The social media platform TikTok says it’s introducing new features to help creators, especially Black folks and other people of color, be recognized for trendsetting on the viral video platform.
Starting today, TikTok is launching “creator crediting tools” to let users easily tag and attribute the original source of content they’ve shared or updated. Users sharing a new video based on another’s content can follow a few quick steps to tag the OG content in the new caption. TikTok will also prompt users as they post to credit original creators and it will launch a pop-up explaining the importance of attribution.
The company wants to create a “culture of credit” that’s more equitable for underrepresented creators, said Kudzi Chikumbu, TikTok’s U.S. Director Of Creator Community, in a blog post about the changes.
TikTok’s new features won’t directly help the platform’s trendsetters make more money but they are aimed at bringing visibility to those who create some of the platform’s most popular and monetized content. That could lead to more followers or brand partnerships for currently marginalized creators.
TikTok claims 1 billion active monthly users globally. Its popularity allows the video platform to also be lucrative for influencers who create short videos including dances, music and voiceovers, that go viral. TikTokers have several ways to monetize their content including payouts from the company’s “creator fund” and seven-figure brand partnerships for the most popular creators on the platform.
But some Black TikTokers say they’re often robbed of the ability to make money from their work due to cultural appropriation. Many viral trends that start with Black and Latinx creators often get copied by white creators, some of whom have built huge followings with content that mimics culturally relevant content started in marginalized communities. The creators on Forbes’ list of the top-paid TikTokers made between $4.75 million and $17.5 million from their content last year; none are Black.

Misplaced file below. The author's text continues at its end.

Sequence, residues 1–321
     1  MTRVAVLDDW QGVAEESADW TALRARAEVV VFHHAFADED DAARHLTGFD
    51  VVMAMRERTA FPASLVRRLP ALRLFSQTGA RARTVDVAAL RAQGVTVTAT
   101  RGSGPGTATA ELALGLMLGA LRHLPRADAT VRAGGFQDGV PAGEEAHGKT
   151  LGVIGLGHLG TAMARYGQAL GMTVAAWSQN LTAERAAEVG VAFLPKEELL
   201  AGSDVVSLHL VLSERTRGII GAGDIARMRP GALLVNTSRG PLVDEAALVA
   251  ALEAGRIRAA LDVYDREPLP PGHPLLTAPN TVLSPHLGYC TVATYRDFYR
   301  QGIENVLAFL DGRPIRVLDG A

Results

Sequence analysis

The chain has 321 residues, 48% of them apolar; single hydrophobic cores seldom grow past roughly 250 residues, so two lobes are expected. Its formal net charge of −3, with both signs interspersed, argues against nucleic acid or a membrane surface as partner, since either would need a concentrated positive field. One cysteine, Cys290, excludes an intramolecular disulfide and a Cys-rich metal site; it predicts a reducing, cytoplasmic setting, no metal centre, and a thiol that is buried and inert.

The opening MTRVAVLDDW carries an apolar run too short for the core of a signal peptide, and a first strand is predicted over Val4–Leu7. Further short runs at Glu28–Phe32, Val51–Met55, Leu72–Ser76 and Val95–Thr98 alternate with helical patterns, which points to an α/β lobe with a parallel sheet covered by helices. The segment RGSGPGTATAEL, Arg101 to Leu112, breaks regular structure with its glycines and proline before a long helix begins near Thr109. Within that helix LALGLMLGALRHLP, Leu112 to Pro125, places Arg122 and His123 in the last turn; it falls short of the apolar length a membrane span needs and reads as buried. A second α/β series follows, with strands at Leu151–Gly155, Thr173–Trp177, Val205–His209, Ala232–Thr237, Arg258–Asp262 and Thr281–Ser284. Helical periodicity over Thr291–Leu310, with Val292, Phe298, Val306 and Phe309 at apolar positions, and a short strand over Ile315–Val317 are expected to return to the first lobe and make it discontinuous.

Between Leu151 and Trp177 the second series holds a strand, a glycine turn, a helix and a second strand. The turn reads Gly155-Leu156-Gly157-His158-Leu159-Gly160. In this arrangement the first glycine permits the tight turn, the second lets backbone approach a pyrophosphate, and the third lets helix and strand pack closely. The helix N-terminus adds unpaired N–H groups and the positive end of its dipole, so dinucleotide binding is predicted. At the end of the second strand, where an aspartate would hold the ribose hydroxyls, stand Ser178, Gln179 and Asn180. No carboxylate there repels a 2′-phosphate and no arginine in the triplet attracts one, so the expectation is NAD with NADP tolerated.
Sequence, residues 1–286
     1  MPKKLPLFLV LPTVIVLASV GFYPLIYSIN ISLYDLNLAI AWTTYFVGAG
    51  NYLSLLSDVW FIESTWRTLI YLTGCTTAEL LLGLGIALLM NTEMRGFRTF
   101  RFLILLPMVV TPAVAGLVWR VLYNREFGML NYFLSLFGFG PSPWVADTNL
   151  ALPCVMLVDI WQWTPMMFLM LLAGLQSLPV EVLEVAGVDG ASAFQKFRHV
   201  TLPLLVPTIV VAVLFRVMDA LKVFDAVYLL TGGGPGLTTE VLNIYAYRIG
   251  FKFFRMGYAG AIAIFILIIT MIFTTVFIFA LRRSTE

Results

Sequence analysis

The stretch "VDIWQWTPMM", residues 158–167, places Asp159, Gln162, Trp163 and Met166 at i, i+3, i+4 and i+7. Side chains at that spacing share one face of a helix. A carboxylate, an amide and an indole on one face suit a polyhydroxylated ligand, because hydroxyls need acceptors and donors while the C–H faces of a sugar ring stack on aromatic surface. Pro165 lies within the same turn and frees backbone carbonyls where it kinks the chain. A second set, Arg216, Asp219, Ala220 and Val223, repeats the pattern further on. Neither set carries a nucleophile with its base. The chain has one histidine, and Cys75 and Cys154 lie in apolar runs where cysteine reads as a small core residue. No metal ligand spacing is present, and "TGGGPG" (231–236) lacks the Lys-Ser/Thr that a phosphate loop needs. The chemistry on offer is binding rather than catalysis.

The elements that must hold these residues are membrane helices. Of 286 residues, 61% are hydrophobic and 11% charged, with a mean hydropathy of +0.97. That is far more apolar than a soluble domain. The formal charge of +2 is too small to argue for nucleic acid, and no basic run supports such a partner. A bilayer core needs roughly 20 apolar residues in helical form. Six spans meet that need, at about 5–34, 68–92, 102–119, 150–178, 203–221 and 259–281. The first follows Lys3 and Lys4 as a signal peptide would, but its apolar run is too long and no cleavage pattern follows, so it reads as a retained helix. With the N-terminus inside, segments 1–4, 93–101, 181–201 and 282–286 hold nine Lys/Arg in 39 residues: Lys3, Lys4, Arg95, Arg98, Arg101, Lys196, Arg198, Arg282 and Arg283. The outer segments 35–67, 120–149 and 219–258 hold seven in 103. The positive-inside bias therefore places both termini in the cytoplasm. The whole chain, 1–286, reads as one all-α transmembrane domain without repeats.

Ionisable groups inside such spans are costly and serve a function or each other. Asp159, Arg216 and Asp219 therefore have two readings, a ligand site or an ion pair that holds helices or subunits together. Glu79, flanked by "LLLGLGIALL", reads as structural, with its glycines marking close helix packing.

The new features announced today follow several other initiatives designed to highlight Black creators and address disparities and appropriation on the platform. In January 2021, it launched an incubator for Black creators in partnership with Macro, a multimedia company focused on Black talent and stories. It launched an incubator for Latinx creatives last August. It launched a curated account, @BlackTikTok, that promotes content from Black creatives on the platform.
It publishes lists of prominent or rising TikTokers, including its Creator Spotlight Series, which features people of color who create popular trends on the platform and “Trailblazer Lists” that highlight creators during Black History Month, Asian and Pacific Islander Heritage Month and Arab American Heritage Month.
Yesterday, TikTok released its first Showbiz List that features creators who are influencers in entertainment. That list features several Black creators including actor Joshua Neal, animator Felle Animated, movie critic Juju Green, choreographer Ariana Taylor, cinematographer Domenica Comai, videographer Noah Bowman, costume designer JeremyTheTea, director Samba Diop, makeup artist Tenisha Billington and indie songwriter MegaGoneFree.